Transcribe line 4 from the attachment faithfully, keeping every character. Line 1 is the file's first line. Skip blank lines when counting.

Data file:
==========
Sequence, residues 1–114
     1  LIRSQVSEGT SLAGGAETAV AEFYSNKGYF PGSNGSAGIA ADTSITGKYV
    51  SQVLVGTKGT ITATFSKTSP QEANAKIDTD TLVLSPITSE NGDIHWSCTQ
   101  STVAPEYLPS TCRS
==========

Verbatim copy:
   101  STVAPEYLPS TCRS